Shop Lighting

I was wondering what is an ideal lighting shop set-up would be. I recently repaired a table in my basement where it looked very good but when I brought it outside I was shocked at the difference in how it looked.It was awfull!
Add pictures here
<% if( /^image/.test(type) ){ %>
<% } %>
<%-name%>
Add image file
Upload
Subjective answers will follow.
What do you have for lighing now? What color are your walls? What color is your ceiling? How high is your ceiling? How many windows? Does the sun shine when you work? Define awful.

Add pictures here
<% if( /^image/.test(type) ){ %>
<% } %>
<%-name%>
Add image file
Upload
On Sat, 18 Sep 2004 11:45:38 -0400, Gerald O'Brien

You stained it, didn't you? <har!>
Add some incandescent lamps to your fluors (or vice-versa) to get closer-to-real lighting when you finish.
--
The ancient and curious thing called religion, as it shows itself in the
modern world, is often so overladen with excrescences and irrelevancies
  Click to see the full signature.
Add pictures here
<% if( /^image/.test(type) ){ %>
<% } %>
<%-name%>
Add image file
Upload
On Sat, 18 Sep 2004 11:45:38 -0400, Gerald O'Brien

Natural lighting is best overall. But not everyone has windows in their shop. I use fluorescent lighting for general lighting and drafting incandescent lamps for task lighting. For sharpening tools, I use natural sunlight.
Add pictures here
<% if( /^image/.test(type) ){ %>
<% } %>
<%-name%>
Add image file
Upload
wrote:

You could also possibly use the "full spectrum" flourescents. I've got a couple in the main light over my workbench, it's amazing how much better things look than with the regular tubes. Seems to be easier to work under, too.
Mike O.
Add pictures here
<% if( /^image/.test(type) ){ %>
<% } %>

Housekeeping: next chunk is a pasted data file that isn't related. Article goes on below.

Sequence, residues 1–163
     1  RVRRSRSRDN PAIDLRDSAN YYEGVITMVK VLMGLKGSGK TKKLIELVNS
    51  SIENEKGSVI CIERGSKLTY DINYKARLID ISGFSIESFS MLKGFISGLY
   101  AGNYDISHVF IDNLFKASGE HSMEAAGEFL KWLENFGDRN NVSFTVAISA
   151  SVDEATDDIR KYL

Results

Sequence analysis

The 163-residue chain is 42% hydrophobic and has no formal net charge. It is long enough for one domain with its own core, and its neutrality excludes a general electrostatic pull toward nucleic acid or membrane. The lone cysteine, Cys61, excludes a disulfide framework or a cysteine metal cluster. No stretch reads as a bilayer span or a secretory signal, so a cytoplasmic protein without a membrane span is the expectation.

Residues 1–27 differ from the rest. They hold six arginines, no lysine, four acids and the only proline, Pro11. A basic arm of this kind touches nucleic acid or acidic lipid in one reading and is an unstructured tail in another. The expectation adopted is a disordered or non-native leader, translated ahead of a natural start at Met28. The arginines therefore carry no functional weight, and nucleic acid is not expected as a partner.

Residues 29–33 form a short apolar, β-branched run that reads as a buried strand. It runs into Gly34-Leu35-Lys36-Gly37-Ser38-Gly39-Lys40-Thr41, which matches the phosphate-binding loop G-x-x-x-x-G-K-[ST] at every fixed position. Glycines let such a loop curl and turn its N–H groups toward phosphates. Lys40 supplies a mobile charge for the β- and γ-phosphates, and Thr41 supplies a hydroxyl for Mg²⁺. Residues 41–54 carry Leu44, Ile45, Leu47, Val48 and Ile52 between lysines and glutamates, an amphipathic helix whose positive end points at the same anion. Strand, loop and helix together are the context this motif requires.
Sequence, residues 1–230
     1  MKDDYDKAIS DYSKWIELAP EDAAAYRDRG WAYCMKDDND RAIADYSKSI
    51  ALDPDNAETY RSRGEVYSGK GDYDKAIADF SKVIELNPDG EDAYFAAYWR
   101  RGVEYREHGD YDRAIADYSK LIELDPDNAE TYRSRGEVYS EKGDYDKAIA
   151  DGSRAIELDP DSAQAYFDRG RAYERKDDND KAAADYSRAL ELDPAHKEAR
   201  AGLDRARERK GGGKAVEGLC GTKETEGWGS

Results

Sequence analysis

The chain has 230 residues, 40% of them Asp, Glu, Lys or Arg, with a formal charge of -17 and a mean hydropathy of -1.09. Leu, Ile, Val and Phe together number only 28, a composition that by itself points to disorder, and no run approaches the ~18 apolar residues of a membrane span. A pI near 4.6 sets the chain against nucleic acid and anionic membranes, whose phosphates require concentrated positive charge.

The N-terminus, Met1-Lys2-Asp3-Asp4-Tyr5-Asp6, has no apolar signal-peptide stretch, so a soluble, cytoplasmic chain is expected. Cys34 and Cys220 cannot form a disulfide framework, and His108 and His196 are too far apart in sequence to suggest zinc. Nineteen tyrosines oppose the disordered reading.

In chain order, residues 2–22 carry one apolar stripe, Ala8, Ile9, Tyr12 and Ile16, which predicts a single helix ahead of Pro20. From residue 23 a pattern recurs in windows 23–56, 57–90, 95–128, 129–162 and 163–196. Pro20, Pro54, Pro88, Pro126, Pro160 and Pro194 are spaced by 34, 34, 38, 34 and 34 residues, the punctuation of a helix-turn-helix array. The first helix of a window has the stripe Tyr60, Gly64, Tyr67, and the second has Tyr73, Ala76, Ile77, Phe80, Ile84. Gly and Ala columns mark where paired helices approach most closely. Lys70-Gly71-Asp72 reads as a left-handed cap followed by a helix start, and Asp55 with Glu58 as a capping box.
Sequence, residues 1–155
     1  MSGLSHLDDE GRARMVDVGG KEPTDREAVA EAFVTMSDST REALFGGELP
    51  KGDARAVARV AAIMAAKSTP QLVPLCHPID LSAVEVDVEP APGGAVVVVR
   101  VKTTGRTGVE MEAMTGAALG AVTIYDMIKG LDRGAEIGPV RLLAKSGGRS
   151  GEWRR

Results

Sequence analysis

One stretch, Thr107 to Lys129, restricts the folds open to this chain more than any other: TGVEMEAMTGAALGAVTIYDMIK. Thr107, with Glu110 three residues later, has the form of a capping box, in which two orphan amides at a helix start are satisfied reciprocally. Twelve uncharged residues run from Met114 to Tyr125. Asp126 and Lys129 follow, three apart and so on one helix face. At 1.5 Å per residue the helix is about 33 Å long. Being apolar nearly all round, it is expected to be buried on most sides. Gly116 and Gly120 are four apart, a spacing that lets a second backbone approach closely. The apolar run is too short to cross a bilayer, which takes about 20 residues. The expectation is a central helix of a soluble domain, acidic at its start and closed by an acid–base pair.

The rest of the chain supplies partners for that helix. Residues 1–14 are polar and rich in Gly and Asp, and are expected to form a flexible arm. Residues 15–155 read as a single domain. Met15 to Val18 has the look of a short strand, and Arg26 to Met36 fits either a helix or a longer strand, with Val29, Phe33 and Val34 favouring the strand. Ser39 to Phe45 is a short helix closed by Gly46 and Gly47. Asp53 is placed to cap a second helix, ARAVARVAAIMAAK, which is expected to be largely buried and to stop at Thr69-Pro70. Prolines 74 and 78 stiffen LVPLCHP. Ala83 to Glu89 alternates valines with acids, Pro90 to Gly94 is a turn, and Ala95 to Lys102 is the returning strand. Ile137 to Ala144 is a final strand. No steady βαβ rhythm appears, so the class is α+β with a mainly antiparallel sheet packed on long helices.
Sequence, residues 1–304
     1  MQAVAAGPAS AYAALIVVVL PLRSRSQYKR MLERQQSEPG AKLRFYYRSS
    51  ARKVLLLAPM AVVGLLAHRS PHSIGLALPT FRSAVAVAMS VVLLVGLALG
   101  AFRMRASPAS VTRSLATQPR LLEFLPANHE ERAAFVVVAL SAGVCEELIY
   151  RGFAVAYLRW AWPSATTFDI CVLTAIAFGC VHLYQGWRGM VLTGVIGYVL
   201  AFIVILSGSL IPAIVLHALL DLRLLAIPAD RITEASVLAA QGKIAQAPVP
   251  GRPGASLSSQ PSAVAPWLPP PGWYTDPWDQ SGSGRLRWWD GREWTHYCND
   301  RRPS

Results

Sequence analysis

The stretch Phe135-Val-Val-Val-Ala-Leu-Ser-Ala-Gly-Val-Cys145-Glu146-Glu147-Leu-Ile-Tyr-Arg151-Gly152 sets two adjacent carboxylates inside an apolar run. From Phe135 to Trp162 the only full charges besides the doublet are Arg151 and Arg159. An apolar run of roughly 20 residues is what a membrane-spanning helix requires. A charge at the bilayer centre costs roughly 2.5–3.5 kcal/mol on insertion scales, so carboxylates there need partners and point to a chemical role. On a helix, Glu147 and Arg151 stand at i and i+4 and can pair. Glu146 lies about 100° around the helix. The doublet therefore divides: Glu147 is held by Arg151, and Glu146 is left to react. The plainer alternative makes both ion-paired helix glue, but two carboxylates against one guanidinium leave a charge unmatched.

<%-name%>
Add image file
Upload
Mike O. said:

Try some GE Chroma 50's or the Phillips/Sylvania equivalent. The number to look for is CRI - Color Rendering Index. The closer to 100 it is, the more "natural" the light will look. Your average shop light is a single phosphor tube with a CRI of ~68. Chroma 50's are tri-phosphor blends with a CRI of 92 or so...
If you are going with new fixtures, get the newer T-8 designs with an electronic ballast. They use less power for a given light quantity, don't "flicker" like tar ballasts, and the bulbs are reduced mercury. Almost all of the T-8s are tri-phosphor bulbs.
Most commercial lighting these days is T-8 - which makes buying good bulbs cheaper. I use Alto 850 T-8 bulbs - 5000k color temp, 3000 lumens, and a CRI of around 93.
FWIW,
Greg G.
Add pictures here
<% if( /^image/.test(type) ){ %>
<% } %>
<%-name%>
Add image file
Upload
On 2004-09-19 02:06:09 -0400, Greg G. said:

Thanks for the input.I have copied down the specs. My definition of 'awful' is that a table that I patched up with filler and stain looked really very close to the existing finish in that you could'nt really see the patch but when outside in full sunlight you saw eveything as opaque(filler,stain). I tried again but found that everything looked good from 1 angle but less so from another and in full sun all looked bad. I just thought that having proper lighting would help and was wondering what the norm would be in a shop without windows. Thanks
Add pictures here
<% if( /^image/.test(type) ){ %>
<% } %>
<%-name%>
Add image file
Upload

I prefer the 4 tube 4' long eight foot flourescent T8's for ceilings under 10 feet. For higher ceilings (like my 14 foot ceiling) I prefer the 2 tube - 8' long flourescent HO's. It what works for me. And the more the merrier. Lights are like clamps imo. You can't have enough. SH
Add pictures here
<% if( /^image/.test(type) ){ %>
<% } %>
<%-name%>
Add image file
Upload

Site Timeline

HomeOwnersHub.com is a website for homeowners and building and maintenance pros. It is not affiliated with any of the manufacturers or service providers discussed here. All logos and trade names are the property of their respective owners.